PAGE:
“What is that? Is it a Transformer?” I asked peering at the machine from all angles. We were in a museum in Tharangambadi, Tamil Nadu.
“Ha ha!” said Appa. “But you are right in a way, Taran! This machine was a bit like a Transformer. It did shake things up.”
“What do you mean?”
“Well, this is an early printing press, which printed the first Tamil Bible in India in 1714.”
“That’s a nugget of history right there,” said Amma, walking up to the machine.
“But who did it?” I asked.
“It was a missionary called Bartholomomaeus Ziegenbalg. He died here in Tharangambadi.”
As we stepped out of the tiny museum, I tried to imagine a person from another nation learning Tamil and finally printing a book. I wondered how many years it had taken. I was having a bit of trouble sometimes with Hindi in school, and the thought of a completely foreign language was just too much! “It took him five years to learn the Tamil language,” Amma read out from a board.
I looked at the bust of Bartholomomaeus Ziegenbalg with new admiration. “What were foreigners doing here anyway?”
“Tharangambadi (land of the singing waves), or Tranquebar, was always a thriving port.” We were walking towards an old temple and Appa continued. “See, this Shiva temple is said to be from the 14th century and a sort of welcome board for Chinese traders. Later the Portuguese came, then the Danes in 1620. They struck a deal with the Nayak of nearby Thanjavur and made this their base. Finally, the Danes were driven away by the British.
I stood by the little temple by the sea and pictured ships and traders arriving in this sleepy town. “Must have been exciting times,” I exclaimed.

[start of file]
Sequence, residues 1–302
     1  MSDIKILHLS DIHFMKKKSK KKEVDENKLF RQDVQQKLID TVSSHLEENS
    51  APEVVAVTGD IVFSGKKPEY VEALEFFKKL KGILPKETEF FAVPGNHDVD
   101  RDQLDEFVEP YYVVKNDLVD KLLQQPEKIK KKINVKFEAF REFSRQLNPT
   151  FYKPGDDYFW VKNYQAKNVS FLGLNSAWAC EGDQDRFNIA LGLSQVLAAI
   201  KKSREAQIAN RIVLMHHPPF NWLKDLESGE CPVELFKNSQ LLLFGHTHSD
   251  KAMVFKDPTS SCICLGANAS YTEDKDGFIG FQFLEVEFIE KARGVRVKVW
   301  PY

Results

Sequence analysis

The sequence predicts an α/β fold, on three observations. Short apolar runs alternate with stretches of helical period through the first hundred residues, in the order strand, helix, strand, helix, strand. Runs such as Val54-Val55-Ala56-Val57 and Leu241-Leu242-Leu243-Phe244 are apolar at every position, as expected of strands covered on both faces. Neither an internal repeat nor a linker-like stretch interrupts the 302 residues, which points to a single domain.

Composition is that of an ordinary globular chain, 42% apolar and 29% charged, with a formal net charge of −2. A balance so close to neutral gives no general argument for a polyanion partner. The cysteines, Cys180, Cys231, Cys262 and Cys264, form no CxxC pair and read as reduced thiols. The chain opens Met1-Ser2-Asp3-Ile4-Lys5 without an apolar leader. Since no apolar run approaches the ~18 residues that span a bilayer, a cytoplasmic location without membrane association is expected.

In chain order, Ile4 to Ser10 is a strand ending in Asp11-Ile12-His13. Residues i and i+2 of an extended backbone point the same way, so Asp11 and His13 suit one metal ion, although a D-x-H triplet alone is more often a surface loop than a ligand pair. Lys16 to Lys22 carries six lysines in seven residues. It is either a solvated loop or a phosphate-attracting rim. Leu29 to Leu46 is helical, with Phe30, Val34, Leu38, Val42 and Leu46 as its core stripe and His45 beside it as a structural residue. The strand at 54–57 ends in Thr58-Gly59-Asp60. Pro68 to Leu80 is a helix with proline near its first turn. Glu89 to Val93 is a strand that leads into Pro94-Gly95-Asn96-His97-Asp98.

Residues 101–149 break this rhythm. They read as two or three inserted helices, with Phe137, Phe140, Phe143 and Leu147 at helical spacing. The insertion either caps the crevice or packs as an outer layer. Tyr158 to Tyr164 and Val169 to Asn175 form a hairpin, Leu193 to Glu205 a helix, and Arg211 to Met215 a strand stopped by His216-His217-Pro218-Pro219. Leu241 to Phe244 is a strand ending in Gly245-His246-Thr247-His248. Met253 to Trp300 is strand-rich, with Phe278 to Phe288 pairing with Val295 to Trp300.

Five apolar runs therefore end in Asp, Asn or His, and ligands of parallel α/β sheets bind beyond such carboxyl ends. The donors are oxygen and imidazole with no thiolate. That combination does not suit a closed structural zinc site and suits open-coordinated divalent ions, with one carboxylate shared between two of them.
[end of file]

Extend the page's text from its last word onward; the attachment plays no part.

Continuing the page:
Appa was moving on. Soon we were at an imposing structure on the beach. “This is the Dansburg Fort built by an admiral named Ove Djedde.” I poked around. It was a solid structure that looked more like a storage godown. “What did they store? Chocolates perhaps?”
“Maybe not,” laughed Amma. “Spices most likely.” I thought of my history lessons about spice routes.
The beach was peaceful except for a few revellers. I tried to recreate the image of the Danes in this coastal village, building churches, forts, archways and houses. There was a cemetery too. Many had died here. So far from home.
Appa read my thoughts. “People have always travelled for better prospects. First by land, then by ship and now by flight. The amalgamation of two cultures usually leaves behind something unique and beautiful. Of course, there will be many stories of yearning and loss.”
The sun was setting and Tharamgambadi — forgotten by most — was certainly beautiful. She stood proud and quiet. I watched the waves. They did seem to be singing to me.